FORT HOOD, Texas-The 41st Fires Brigade packed up its equipment and rolled out to the field for their validation exercise during the Battle Command Systems of Systems Integration Training, here, July 6-16.

The training was broken down into two phases; each comprised of three events.
During event one, the brigade was able to come together and construct the command post, erect the tents, lay out power grids, develop the staff sections cells properly, establish all the systems in the appropriate locations, and lastly, the communication section connected all the systems together.

"This is our first time getting the new DRASH [deployable rapid assembly shelter]," said Sgt. 1st Class Joseph Coleman, a Fredericksburg, Va., native and operations supervisor. "About ten percent of the original staff was retained after this past deployment so we're concentrating on getting all the Soldiers trained up on all of the new systems and broken down into teams to function effectively."

The second event was the validation portion of the exercise. During the validation process, all the applications, systems, voice and digital communication had to work within the brigade and throughout all of the battalions' areas of operations.

"The validation process is very critical to the mission success of the brigade during deployments and garrison operations," said Coleman. "It's very important to know your perspective area. The Soldiers have to be comfortable doing their jobs and possibly the jobs of others."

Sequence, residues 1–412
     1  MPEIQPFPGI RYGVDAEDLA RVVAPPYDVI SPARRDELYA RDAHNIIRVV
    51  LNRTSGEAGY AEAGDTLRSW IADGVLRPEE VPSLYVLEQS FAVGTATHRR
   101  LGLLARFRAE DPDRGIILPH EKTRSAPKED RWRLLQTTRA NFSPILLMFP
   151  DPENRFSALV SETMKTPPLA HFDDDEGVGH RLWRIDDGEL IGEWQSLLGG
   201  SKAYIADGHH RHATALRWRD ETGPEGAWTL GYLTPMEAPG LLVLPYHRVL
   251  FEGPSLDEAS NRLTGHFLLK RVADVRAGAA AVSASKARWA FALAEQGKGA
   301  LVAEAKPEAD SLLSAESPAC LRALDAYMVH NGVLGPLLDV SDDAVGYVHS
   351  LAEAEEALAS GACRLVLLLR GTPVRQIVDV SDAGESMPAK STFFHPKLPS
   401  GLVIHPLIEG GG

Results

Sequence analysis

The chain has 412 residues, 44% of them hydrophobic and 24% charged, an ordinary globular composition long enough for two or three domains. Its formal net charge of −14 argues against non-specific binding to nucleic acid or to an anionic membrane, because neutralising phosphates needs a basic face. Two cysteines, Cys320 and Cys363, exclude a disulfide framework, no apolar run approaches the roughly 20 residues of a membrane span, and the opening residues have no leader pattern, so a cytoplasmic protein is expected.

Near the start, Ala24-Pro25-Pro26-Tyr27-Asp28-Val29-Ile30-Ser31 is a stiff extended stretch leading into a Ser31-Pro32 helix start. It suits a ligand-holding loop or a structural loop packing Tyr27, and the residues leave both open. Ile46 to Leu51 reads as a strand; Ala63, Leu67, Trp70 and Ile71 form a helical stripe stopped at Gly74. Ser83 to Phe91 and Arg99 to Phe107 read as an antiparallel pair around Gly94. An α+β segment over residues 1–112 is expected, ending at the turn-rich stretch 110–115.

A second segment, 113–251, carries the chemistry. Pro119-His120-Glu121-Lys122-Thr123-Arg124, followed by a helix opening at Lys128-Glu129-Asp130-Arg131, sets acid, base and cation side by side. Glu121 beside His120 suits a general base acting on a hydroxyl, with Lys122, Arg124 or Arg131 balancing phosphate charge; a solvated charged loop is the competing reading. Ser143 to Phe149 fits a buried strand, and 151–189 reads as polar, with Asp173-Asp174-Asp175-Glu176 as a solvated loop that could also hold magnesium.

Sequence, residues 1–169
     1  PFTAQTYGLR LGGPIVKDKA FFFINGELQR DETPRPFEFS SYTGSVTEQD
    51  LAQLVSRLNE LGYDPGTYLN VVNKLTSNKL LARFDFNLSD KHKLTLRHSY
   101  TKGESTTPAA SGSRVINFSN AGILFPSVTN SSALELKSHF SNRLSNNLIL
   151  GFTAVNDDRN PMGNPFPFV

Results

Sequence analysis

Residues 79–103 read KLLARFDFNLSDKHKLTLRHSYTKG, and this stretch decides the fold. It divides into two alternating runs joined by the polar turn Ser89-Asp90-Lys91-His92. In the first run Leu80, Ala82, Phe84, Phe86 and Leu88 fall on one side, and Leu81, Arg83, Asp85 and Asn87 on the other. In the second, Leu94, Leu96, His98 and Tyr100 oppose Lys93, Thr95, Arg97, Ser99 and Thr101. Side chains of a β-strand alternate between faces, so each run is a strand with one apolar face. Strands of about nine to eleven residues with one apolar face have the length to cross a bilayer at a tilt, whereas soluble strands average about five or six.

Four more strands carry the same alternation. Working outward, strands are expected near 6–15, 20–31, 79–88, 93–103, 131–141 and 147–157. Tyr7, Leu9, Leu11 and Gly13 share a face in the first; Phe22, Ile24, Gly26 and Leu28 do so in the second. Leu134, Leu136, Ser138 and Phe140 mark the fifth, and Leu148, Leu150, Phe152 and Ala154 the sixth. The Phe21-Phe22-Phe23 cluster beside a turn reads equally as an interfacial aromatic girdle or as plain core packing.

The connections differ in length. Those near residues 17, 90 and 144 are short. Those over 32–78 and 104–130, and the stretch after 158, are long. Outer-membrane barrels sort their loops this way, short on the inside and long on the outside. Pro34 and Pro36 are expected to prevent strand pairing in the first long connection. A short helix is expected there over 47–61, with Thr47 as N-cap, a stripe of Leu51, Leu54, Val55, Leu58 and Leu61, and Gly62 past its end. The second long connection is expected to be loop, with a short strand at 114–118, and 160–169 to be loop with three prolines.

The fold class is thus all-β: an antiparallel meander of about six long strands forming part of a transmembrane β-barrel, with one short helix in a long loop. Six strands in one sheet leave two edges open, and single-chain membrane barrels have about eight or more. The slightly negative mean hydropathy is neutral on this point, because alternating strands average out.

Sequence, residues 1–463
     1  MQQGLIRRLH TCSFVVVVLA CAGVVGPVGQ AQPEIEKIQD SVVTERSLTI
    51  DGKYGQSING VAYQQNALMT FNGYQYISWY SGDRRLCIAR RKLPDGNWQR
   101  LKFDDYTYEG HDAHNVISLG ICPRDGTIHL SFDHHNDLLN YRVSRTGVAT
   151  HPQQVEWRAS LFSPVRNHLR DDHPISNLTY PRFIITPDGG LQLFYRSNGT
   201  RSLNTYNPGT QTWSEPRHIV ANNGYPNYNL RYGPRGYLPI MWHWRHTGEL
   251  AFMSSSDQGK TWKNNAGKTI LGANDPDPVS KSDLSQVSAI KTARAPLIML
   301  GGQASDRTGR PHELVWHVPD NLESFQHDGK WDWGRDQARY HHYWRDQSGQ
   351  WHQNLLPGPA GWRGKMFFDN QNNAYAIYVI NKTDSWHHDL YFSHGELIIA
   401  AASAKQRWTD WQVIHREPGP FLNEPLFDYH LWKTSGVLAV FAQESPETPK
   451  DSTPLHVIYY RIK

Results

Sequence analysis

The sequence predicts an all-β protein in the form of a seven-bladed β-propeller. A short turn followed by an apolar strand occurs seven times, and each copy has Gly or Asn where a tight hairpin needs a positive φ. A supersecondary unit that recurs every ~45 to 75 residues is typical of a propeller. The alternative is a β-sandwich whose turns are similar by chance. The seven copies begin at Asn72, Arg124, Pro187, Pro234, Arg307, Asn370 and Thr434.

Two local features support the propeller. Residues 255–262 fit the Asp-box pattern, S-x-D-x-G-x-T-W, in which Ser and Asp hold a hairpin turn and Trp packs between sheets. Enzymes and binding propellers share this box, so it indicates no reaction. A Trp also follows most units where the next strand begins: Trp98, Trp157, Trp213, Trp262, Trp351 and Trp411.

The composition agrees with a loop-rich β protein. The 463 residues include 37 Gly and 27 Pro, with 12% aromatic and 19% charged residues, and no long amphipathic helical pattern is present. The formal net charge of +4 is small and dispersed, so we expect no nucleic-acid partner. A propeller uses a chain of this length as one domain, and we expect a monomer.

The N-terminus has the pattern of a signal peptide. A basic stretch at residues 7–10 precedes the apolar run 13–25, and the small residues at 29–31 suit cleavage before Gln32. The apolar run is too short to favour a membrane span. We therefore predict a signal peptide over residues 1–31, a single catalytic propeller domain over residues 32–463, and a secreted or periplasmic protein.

After the validation process, the brigade shifted into the phase two portion of the training that consisted of scenario-based situations.

"The purpose of the second phase is to train the battle staff on all the intricate systems and to make sure they are proficient at all their processes in the command post more expedient," said Esau Esau Jr., native of America Samoa, one of the trainers.

The 11-day exercise gave the brigade a chance to come together to work as a single entity and to learn and re-learn some of the newer systems and communicate within the brigade and to their out-lying battalions.

Even though the training was important and the validation process was critical to mission success, safety proved to be just as important to the mission.

"Safety is important because these Soldiers are relearning all of these skills. It's very important that everyone knows what right looks like," said Sgt. Maj. Robert Norvell, of Louisville, Ky., the operations sergeant major. "We have Soldiers that haven't been in this environment for awhile. They're working long hours in the sun and the rain, we have to be careful but be ready at the same time."

At the end of the two weeks, the "Rail Gunners" worked through a few situations, learned their new systems, and validated.

Page last updated Fri July 22nd, 2011 at 12:16